So shall we put off denying our impact in the mission to love well? Shall we quit hiding from our own wounds that in turn cause us to wound others? Shall we get our hearts right before the Lord and find the healing we need, so that we can be a vessel of His love?
Shall we, the broken-redeemed, become the most radical example of the Redeemer’s love in His mighty rescue plan?
If you’re ready to take the next step toward loving others well, use the questions below to guide an honest time of reflection with God. Then decide how you’ll move forward differently in the mission to love others well.
13 Questions to Evaluate Your Effectiveness in Loving Well
- What am I doing to notice and serve the needs of the people God has placed in my life that makes them feel seen and known?
- How am I speaking life into lives of the people I live with, work with, worship with?
- In what ways am I cutting people down with critical or sarcastic comments, and where is that coming from within me?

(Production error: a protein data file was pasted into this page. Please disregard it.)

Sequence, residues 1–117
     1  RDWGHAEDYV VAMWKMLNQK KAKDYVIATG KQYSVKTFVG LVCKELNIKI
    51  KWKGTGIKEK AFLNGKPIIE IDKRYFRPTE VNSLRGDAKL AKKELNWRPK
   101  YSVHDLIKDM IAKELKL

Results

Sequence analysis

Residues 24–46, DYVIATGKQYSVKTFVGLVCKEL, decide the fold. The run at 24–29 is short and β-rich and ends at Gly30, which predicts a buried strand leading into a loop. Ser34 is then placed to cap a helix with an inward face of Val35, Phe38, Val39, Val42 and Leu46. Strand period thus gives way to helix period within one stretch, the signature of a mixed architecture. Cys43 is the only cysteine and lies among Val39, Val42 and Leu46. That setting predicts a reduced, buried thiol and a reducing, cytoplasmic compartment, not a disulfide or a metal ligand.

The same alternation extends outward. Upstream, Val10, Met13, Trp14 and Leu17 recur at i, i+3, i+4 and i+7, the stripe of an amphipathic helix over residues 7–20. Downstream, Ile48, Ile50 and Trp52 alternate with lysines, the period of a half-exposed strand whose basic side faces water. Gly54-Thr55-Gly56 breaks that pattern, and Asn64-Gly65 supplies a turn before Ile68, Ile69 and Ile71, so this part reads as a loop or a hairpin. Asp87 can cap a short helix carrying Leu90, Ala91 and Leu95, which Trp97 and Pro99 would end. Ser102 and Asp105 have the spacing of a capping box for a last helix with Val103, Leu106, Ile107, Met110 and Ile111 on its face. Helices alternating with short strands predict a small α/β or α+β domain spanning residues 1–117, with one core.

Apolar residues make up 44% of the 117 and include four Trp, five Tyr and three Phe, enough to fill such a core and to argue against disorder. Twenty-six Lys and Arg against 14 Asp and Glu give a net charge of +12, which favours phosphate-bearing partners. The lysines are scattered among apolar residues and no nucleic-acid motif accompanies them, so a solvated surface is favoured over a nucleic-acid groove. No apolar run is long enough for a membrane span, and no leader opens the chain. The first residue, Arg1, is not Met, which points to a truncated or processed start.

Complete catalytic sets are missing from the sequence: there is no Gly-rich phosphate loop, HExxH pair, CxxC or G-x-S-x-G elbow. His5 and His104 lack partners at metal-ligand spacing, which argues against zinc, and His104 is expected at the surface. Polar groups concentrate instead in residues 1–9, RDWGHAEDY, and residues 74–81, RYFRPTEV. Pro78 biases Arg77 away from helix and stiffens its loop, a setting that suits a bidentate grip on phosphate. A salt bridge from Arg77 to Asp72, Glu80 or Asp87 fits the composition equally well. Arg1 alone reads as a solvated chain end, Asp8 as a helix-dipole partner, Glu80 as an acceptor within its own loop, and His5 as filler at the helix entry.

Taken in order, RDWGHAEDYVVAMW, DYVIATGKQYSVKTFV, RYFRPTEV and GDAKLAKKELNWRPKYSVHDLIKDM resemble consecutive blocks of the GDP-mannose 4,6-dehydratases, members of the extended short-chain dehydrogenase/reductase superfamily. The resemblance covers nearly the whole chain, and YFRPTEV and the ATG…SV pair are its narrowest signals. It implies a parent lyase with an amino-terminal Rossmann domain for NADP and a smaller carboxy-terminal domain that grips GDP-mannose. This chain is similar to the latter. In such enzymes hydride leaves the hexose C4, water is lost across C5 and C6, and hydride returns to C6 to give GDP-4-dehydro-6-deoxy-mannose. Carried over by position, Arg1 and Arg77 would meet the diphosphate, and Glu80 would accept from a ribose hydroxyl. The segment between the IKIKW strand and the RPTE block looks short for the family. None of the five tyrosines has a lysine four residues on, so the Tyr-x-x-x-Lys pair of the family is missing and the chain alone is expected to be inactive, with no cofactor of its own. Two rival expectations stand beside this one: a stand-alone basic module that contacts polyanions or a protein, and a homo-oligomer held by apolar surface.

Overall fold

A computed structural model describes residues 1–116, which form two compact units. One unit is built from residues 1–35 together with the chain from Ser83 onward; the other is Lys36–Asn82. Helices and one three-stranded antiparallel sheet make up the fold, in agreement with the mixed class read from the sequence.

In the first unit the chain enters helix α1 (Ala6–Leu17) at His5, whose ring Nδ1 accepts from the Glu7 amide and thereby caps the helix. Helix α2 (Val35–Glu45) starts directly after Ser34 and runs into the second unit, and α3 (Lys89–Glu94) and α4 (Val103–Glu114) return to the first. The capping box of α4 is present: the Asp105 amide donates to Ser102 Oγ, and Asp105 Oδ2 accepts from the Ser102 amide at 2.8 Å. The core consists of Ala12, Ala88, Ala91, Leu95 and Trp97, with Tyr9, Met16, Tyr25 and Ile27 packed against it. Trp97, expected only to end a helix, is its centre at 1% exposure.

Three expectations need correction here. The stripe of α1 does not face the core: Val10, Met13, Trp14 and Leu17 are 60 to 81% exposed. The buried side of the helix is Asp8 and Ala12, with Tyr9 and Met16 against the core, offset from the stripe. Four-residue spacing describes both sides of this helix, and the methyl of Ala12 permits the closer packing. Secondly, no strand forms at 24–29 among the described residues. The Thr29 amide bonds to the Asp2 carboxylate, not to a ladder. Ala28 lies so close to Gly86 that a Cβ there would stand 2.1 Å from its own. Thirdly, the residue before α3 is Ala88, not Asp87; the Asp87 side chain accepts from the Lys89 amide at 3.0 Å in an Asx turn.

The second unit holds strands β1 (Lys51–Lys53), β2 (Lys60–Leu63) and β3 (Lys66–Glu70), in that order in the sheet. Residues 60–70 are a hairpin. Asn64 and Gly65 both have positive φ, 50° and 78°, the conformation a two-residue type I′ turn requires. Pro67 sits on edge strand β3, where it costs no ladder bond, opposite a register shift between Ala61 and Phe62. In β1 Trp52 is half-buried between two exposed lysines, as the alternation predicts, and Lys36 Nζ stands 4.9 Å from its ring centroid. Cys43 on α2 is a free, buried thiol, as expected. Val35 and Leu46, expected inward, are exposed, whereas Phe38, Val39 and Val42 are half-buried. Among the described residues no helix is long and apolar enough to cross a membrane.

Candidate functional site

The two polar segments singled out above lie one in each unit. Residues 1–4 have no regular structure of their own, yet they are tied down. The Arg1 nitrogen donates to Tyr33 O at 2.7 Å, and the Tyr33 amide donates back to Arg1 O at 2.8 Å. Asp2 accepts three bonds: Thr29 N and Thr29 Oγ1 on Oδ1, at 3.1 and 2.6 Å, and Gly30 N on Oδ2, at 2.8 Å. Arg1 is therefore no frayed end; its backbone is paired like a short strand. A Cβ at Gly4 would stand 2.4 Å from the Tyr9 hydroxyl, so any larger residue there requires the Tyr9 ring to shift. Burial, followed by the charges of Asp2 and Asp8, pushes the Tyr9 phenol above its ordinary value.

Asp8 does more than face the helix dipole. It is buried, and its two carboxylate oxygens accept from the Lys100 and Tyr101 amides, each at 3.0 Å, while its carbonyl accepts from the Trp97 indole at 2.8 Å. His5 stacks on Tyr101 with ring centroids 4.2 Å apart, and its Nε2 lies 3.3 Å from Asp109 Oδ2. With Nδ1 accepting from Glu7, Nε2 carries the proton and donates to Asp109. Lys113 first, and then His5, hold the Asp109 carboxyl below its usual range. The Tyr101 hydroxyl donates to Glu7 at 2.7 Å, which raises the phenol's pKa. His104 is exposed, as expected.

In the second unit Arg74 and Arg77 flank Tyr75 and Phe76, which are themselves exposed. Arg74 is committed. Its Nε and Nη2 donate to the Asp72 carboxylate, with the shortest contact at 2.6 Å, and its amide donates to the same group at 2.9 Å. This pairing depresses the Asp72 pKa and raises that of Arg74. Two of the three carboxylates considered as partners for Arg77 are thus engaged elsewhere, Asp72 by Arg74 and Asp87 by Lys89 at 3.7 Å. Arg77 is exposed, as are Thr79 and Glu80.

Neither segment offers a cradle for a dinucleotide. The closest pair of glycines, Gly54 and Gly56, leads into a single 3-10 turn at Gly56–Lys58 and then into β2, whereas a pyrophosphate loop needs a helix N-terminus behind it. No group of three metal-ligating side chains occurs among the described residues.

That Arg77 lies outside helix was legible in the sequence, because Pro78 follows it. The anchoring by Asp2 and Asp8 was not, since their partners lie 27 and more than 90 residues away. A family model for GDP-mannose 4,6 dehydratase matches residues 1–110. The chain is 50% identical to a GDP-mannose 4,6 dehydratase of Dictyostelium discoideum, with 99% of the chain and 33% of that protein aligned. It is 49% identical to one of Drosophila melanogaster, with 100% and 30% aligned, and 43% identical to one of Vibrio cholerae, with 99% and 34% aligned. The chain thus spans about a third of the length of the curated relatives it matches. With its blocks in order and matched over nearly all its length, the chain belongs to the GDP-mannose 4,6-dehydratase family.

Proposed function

- How am I sowing a Christ-centered identity into the people I’m in relationship with through affirming what the Scriptures say about them being made in the image of God?
- How am I seeking God’s provisions, healing, and protection over those I’m in relationship with?
- Am I cultivating an environment in my home, church, workplace, friend group, or school that is safe for open dialogue and honest conversation?
- Am I modeling a life of owning my sin and seeking God’s forgiveness as well as the forgiveness of others when I hurt them?
- Am I modeling a life of getting help to deal with my sin, issues, strongholds, and emotional challenges?
- Am I making time to develop relationships through shared common experiences that are life-giving, even with those who seem so very different than me?
- Am I making margin space to connect with a few on a deeper emotional level and not just superficially connecting through social media or in group situations?
- Am I an advocate for the underdog, the weak, the defenseless, the orphan, the widow, the poor?